Pennsylvania Casinos Down 7% To $230m In JanuaryFebruary 19, 2014 11:57 am
The Pennsylvania Gaming Control Board has released its monthly figures for January, revealing a 7% decline in revenues to $230 million compared to the $247 million taken in the same month a year earlier. The state then collected $8.4 million in taxes for January.
State regulators say the lackluster results were caused by the extremely cold weather and heavy snow which affected the northeastern state and kept some gamblers away from the casinos.
Breaking the figures down further, Pennsylvania 12 casinos generated $58.7 million from table games in January, 1.12% less revenues than a year ago, while slot machines reported a steep decline of 9% to $171.8 million, compared to the $188.2 million generated in January 2013.
Pennsylvania approved casino gambling back in 2004, and by 2012 had risen to become the second largest gambling resort in the US, a distinction previously held by neighboring New Jersey. Just like Atlantic City, however, Pennsylvania has recently had to contend with greater competition from nearby states, too, as states such as Maryland, New York, Ohio and Delaware continue to wrestle market share away Pennsylvania.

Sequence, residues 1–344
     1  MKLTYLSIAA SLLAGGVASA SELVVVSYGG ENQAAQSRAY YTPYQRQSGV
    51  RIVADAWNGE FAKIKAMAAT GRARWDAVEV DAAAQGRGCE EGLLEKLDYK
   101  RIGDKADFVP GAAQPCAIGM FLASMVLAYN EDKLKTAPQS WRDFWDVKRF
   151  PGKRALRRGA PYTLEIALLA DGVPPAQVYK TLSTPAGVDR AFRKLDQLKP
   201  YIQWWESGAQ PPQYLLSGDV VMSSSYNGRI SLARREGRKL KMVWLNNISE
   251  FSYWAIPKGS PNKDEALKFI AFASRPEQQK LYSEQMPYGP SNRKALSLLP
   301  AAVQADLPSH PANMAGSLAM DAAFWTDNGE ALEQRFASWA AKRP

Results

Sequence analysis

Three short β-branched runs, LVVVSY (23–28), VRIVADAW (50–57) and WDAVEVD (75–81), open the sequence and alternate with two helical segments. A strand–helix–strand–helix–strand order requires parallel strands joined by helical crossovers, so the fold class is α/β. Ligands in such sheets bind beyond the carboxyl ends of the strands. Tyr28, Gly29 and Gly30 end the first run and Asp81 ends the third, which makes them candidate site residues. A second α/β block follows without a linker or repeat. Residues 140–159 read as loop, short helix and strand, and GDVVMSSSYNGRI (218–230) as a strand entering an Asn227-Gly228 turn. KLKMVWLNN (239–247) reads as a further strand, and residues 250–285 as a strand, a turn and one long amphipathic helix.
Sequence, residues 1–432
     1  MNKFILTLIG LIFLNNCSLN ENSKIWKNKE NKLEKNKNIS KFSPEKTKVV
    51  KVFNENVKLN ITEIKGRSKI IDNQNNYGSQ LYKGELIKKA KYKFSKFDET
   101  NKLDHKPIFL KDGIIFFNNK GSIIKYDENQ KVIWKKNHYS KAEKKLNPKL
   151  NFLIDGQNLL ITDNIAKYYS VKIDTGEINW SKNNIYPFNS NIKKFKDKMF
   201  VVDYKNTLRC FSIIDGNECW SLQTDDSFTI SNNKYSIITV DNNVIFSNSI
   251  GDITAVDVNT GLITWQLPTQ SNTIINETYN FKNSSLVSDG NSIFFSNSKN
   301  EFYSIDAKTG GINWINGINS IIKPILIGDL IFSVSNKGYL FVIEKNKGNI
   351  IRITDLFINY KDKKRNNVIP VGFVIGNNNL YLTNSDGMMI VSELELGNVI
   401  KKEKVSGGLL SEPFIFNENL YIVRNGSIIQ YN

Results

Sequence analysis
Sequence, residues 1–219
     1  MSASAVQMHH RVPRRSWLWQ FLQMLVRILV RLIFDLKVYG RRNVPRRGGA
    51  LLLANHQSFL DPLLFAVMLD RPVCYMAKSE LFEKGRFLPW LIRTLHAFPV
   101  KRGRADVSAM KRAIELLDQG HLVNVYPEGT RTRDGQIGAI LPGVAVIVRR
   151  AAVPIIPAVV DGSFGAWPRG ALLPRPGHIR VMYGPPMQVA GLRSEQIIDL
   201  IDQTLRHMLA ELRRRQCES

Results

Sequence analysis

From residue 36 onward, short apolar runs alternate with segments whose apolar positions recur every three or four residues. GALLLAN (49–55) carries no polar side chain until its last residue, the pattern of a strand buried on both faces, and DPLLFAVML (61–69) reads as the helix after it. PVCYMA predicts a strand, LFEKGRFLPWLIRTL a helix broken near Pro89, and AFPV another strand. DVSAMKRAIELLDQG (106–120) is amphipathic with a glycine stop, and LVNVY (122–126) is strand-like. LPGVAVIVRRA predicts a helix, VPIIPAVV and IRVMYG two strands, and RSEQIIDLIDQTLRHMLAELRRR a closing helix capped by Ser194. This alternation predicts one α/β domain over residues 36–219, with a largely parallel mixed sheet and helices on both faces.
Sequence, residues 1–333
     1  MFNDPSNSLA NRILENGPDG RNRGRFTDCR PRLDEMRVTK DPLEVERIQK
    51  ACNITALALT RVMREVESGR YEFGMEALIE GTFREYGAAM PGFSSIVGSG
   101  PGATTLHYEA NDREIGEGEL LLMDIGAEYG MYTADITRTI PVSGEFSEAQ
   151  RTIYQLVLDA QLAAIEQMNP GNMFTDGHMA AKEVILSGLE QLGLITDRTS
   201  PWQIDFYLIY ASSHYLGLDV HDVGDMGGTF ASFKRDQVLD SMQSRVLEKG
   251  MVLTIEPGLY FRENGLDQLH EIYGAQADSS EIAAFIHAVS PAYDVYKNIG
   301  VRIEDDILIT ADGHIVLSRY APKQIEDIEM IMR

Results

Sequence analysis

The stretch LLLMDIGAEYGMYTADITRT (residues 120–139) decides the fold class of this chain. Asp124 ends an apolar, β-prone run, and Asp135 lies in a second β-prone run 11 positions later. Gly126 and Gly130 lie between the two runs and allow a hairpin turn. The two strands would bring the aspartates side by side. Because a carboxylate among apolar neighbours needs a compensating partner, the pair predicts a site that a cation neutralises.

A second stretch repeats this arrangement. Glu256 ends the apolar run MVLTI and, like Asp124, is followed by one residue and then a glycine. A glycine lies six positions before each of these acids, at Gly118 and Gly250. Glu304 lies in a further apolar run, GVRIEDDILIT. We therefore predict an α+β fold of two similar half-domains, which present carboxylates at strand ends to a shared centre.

Last year, for instance, Pennsylvania casinos reported a 1.4% fall in revenues to $3.11 billion, with 11 out of the Keystone State’s 12 casinos reporting a drop in their slots revenues throughout the year. On the positive side, for the past three years Pennsylvania’s annual casino results have topped $3 billion, and commenting on the state’s casino industry, gaming board spokesman Doug Harbach, said:
“There continues to be increased casino competition from all of Pennsylvania’s bordering states and that certainly is affecting year-over-year revenue. The good news is we continue to see revenue numbers from slot machines that are second in the U.S. behind Nevada and tax revenue generation that is the highest. So, in many ways you can still make the argument that Pennsylvania’s casino industry is doing very, very well.”